Eliot Spitzer falsely claimed that allowing immigrants living in the United States illegally to obtain driver’s licenses — a policy he attempted to implement as governor of New York in 2007 — is now the “law of the land.” Forty states, including New York, do not currently issue driver’s licenses to immigrants who are in the U.S. illegally.
It is true, however, that the policy has been spreading rapidly in recent months. Of the 10 states that issue driver’s licenses regardless of legal status, seven passed such laws this year. Such legislation was introduced in 12 other states this year, plus the District of Columbia and Puerto Rico.
Spitzer, who is now a candidate for New York City comptroller, made this claim on ABC’s “This Week,” while speaking about the “independence of [his] voice” as governor (from 2007 to 2008).
Spitzer, July 14 (2:45 mark): I’ve asked the voters of this city to — for forgiveness. But I have also said, look at the totality of my record. The independence of my voice when it came to Wall Street, when it came to standing up on the environment, low-wage workers, immigrants. We were talking about immigrant rights just a few moments ago on your show. Years ago remember when I said, undocumented immigrants should have driver’s licenses the heavens opened and descended upon me. It’s now the law of the land. It is accepted across the nation.
Ten states — Washington, New Mexico, Utah, Colorado, Connecticut, Illinois, Maryland, Nevada, Oregon and Vermont — provide access to driver’s licenses or driving privilege cards (which are used for driving purposes only and generally are not valid for identification) to individuals regardless of legal status, Tanya Broder, senior staff attorney at the National Immigration Law Center, told us. So, these laws have been adopted in various parts of the country. But these laws are not “the law of the land,” as Spitzer claimed, or even the law in his home state of New York.
Spitzer’s Failed Policy Change
In September 2007, then-Gov. Spitzer announced a policy change that directed New York’s Department of Motor Vehicles to issue driver’s licenses to eligible individuals without regard to legal status. DMV Commissioner David Swarts said the change was made to “ensure that every person driving on our roads is fit to drive and can prove his or her identity.”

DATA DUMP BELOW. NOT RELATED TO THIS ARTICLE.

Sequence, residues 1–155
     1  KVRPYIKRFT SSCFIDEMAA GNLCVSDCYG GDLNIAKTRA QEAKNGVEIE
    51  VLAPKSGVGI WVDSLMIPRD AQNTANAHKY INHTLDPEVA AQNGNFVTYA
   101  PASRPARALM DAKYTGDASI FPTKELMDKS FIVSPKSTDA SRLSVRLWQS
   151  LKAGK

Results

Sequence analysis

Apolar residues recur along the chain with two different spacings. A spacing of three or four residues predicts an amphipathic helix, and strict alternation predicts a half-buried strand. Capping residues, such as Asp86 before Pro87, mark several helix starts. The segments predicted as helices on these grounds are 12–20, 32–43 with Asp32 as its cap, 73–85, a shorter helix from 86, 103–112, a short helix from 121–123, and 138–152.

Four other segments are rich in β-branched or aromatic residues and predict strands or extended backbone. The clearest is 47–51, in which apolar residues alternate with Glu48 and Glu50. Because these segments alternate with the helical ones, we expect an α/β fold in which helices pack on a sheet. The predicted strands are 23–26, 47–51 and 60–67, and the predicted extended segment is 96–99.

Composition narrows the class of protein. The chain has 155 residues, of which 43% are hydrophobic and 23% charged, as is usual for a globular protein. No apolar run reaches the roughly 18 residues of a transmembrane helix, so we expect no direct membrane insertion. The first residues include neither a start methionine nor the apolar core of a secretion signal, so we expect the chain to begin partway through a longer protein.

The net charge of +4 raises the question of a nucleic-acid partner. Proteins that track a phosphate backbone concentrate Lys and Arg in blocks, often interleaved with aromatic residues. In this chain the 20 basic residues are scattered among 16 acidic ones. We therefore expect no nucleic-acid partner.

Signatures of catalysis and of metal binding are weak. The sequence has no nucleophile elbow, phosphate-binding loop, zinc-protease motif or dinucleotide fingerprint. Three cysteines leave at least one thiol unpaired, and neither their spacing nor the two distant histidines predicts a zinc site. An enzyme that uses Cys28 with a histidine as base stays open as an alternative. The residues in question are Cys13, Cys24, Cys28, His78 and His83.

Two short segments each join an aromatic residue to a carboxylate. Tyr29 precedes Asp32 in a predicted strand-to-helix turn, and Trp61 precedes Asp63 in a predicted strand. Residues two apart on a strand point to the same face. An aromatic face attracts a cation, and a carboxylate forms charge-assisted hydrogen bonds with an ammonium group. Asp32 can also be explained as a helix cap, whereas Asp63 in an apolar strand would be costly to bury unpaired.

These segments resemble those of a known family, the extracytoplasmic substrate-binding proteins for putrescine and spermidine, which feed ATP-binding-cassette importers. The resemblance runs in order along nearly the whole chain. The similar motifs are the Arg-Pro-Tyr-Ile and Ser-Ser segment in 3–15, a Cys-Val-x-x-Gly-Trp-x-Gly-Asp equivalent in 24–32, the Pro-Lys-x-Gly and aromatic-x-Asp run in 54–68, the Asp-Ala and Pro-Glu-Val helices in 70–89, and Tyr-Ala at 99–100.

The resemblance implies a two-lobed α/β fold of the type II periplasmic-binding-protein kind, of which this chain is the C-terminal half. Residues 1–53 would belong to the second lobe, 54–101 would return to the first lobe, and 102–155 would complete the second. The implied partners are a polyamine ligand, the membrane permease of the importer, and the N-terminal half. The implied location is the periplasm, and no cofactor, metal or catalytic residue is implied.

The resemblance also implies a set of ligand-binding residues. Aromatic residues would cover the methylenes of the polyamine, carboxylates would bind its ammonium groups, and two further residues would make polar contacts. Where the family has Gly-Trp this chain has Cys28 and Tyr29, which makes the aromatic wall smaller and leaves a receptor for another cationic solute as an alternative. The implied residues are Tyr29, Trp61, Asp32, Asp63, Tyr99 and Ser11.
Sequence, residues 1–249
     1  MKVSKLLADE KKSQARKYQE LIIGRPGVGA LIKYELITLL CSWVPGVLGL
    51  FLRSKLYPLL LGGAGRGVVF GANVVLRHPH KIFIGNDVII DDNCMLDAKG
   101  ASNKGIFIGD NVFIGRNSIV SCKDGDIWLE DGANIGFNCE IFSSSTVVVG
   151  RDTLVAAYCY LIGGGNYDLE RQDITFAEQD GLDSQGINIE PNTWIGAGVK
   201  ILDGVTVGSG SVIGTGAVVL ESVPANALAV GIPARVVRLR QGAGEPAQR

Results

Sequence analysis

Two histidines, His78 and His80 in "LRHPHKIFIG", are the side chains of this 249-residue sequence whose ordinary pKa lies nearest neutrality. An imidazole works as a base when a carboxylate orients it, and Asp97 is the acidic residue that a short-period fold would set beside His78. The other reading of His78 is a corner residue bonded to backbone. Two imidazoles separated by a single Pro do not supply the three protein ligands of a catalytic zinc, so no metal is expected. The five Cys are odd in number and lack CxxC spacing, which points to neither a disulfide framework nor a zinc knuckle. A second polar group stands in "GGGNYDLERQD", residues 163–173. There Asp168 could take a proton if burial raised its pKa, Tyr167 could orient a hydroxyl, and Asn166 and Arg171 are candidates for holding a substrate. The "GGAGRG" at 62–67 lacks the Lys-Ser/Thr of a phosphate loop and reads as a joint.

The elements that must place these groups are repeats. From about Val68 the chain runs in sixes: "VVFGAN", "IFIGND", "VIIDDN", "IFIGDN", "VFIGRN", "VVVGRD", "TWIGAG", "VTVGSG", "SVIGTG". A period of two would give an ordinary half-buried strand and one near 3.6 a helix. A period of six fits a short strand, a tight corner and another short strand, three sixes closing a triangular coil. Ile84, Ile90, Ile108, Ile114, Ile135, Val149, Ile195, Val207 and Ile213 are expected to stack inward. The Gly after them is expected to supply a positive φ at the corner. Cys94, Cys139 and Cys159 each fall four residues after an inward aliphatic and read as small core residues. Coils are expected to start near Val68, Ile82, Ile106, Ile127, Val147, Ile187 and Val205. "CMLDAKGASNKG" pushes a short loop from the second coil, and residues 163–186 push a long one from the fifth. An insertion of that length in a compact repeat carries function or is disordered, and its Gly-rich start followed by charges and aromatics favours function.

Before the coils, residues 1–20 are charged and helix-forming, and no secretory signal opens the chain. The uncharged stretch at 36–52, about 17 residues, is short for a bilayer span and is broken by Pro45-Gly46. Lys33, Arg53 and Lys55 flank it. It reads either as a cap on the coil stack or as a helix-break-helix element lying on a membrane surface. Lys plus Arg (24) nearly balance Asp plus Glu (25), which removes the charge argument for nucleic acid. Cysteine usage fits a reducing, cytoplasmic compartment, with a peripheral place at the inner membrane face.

One month later, after his plan received widespread criticism from Republicans, Spitzer, along with U.S. Department of Homeland Security Secretary Michael Chertoff, announced a new three-tier driver’s license system, with only one type of license available to immigrants residing in the country illegally.
New York governor press release, Oct. 27, 2007: As a result of this comprehensive license agreement, New York will offer three separate and secure licenses all used for different purposes: an “Enhanced Drivers License” for crossing the New York-Canadian border, a federally-approved license to fly on planes and a New York State license for driving and identification purposes.
The New York State license will continue to be available to both undocumented immigrants and lawful residents who simply choose not to purchase one of the federally-approved licenses, either because they already have a passport (35% of New Yorkers do), don’t want to pay an extra fee for one of these new federal licenses, or cannot meet the extra requirements necessary to get them. The state-approved license will simply say “not for U.S. government purposes.”
In November 2007, Spitzer reversed course and abandoned the policy. The New York Times reported that Spitzer said the policy was threatened by legal action, the state Legislature and county clerks who said they would refuse to abide by it. The Times quoted Spitzer as saying: “I am not willing to fight to the bitter end on something that will not ultimately be implemented.”